PORTLAND, Ore. What is claimed as the first pitch-and-yaw MEMS gyroscope is said to be able to sense the two axes used by remote controls and baton-shaped game controllers like the Wii, creating a new category of 3-D motion sensor.
The MEMS gyro chip developed by InvenSense Inc. will be used in the upcoming Wii MotionPlayer accessory.
At least two chips, one mounted in-plane and one mounted vertically, are required to create a pitch-and-yaw sensor, but developer InvenSense said its ring-shaped mechanical beam enables a completely planar MEMS chip to sense both motions used in Wii-like controllers.
“If you think about what motions you use with a remote control, it's up and down and side to side, which is pitch and yaw. You never roll your wrists in this application, but all the other MEMS gyros are pitch and roll,” claimed Joe Virginia, marketing director at InvenSense (Sunnyvale, Calif.).
|A ring-shaped, two-axis gyro measures two perpendicular directions of angular momentum, unlike an acceleromter that measures its incline.|
Typical interface functions controlled by gyros include single-handed scrolling through selections activated by waving a remote to highlight the desired setting, then select it with a sideways motion. A wide variety of more complex hand movements can be programmed for gyros that are impossible for accelerometers, enabling cursor control and menu selection functions that might take a dozen mouse clicks.
“For a MEMS solution to replace an incumbent technology, its either got to be lower priced or its got to do something that has never been done before,” said Karen Lightman, managing director of the MEMS Industry Group. InvenSense “is doing something that has never been done before.”
The InvenSense MEMS chip uses a cost-saving wafer-scale bonding method during fabrication that was invented by its founder, MEMS pioneer Steve Nasiri. The six-mask bulk silicon fabrication process mounts the MEMS element on one wafer and bonds it on top of a CMOS wafer. The wafer holds its interface electronics, in the process making over 100,000 electrical interconnections between the wafers.
The technique eliminates the need for an additional encapsulating structure for the MEMS element–needed to protect its moving mechanical parts from contamination–by using the inverted ASIC wafer as its cap. The proprietary eutectic bonding process used to seal the MEMS utilizes aluminum from the CMOS wafer to create a hermetic seal on thousands of MEMS gyros simultaneously.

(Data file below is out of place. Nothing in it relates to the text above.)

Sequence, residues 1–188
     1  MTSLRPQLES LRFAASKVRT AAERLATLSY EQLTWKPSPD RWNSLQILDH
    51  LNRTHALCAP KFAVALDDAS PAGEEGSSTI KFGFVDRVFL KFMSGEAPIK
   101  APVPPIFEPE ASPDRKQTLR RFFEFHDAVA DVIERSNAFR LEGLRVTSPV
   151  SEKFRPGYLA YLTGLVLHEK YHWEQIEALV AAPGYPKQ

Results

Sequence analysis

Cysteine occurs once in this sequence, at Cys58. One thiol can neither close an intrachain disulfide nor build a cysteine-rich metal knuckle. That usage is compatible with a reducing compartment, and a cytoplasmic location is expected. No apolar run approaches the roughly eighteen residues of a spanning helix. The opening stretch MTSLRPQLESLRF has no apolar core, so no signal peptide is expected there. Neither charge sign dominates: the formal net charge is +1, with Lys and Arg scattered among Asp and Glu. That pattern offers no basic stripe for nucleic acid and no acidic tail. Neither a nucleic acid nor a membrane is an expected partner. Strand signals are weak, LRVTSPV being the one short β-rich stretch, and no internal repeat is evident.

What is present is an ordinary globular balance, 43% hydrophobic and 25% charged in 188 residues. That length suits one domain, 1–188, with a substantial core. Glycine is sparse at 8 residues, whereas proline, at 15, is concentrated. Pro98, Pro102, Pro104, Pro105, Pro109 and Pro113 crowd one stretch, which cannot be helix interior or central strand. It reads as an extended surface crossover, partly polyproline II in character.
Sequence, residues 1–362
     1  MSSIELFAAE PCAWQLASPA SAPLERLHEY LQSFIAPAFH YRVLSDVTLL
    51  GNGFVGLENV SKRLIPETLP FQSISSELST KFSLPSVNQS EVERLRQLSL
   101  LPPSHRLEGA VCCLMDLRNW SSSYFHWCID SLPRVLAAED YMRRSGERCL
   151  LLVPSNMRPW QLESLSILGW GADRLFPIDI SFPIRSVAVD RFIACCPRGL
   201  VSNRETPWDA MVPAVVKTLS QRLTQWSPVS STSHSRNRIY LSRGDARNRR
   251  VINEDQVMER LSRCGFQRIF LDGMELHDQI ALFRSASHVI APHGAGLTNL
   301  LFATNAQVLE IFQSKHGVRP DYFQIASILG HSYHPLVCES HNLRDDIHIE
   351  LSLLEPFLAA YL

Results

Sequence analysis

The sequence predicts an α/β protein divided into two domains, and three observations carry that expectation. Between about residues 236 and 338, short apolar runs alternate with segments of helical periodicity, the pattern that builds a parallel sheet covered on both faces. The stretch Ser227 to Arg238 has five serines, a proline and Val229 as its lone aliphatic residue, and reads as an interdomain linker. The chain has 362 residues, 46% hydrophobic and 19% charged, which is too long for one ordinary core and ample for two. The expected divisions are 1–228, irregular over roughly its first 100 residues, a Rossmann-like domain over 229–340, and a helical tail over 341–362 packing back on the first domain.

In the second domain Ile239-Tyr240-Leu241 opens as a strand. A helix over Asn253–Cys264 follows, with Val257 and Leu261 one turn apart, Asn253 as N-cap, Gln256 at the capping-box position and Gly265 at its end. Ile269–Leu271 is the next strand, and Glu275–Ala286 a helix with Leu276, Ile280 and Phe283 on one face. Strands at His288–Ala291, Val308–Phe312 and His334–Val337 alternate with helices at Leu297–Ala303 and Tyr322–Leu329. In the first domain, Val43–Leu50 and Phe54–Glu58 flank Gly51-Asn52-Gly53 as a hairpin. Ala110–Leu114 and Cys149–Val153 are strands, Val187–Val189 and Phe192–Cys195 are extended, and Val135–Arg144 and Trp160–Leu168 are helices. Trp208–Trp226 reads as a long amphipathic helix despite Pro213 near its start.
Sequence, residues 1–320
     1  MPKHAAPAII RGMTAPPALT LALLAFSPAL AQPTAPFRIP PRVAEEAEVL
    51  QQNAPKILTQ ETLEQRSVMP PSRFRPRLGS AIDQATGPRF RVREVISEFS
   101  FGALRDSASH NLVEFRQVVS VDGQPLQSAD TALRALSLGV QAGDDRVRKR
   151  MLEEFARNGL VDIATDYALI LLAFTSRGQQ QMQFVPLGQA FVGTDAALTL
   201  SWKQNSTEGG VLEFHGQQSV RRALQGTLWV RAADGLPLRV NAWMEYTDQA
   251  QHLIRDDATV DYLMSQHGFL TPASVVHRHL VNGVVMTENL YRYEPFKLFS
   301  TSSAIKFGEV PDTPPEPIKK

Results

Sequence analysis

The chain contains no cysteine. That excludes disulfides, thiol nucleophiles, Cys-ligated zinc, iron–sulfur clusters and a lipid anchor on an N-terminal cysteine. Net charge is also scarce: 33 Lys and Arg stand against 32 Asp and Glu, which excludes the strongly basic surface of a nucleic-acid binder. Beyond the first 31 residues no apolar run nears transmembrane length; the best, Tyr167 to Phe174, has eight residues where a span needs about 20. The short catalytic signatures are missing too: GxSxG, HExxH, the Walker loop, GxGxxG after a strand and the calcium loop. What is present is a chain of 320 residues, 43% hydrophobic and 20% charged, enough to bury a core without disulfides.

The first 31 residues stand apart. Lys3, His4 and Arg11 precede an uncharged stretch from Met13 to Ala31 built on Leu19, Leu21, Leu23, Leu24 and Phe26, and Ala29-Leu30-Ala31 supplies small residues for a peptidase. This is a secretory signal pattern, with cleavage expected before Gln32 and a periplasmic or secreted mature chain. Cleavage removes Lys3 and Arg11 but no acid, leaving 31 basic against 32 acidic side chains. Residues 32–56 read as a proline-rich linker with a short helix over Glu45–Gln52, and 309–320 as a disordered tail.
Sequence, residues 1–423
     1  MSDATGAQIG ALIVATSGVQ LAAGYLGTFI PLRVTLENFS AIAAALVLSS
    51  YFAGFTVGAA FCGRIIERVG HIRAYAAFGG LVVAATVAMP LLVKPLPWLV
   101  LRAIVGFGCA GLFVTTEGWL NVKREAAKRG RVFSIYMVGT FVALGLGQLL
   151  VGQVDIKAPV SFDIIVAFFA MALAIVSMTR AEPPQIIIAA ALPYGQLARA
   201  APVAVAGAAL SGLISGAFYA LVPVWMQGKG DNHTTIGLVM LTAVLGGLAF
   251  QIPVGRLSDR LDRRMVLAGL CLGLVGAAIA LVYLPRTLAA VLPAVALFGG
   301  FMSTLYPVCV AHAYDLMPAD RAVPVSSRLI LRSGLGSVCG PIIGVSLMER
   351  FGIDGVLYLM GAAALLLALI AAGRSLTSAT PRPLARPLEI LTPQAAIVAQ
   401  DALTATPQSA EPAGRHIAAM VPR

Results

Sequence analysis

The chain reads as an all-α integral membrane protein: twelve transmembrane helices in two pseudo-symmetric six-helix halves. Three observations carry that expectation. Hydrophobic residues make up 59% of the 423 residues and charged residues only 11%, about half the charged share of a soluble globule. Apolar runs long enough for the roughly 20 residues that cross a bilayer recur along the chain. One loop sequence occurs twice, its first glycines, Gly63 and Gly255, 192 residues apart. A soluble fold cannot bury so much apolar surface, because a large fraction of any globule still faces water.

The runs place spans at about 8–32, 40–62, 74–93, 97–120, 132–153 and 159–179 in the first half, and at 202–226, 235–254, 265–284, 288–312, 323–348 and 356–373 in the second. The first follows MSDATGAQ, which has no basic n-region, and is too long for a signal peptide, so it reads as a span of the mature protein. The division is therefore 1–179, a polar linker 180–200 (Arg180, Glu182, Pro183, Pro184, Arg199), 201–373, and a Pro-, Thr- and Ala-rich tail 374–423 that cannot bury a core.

Wafer-scale bonding, bulk silicon processing and volume orders have been driving down the cost of the InvenSense gyro chips, allowing them to be used in commercial applications like the forthcoming Wii MotionPlus accessory from Nintendo. The Wii accessory uses a pitch-and-roll gyro from InvenSense, combined with other sensors to create the first six-axis motion processing device for consumer applications.
Wii currently uses an accelerometer to sense the tilt of the controller, an unnatural motion to which gamers must adapt. But a gyro senses the natural angular momentum of the arm as it waves the controller up and down and back and forth. Each set of motions have a separate output from the InvenSense chip.
InvenSense's big design win with Nintendo for the Wii MotionPlus plus other design wins in image stabilization for point-and-shoot cameras have driven the cost of its dual-axis gyros down to less than $2 per axis. By comparison, Freescale introduced a three-axis accelerometer this week that cost $1.39 in quantities of 10,000.
The IXZ-500 and IXZ-650 dual-axis MEMS gyroscopes are packaged in a 4- by 5- by 1.2-mm package with +/-2,000 degrees per second of primary output, the company said.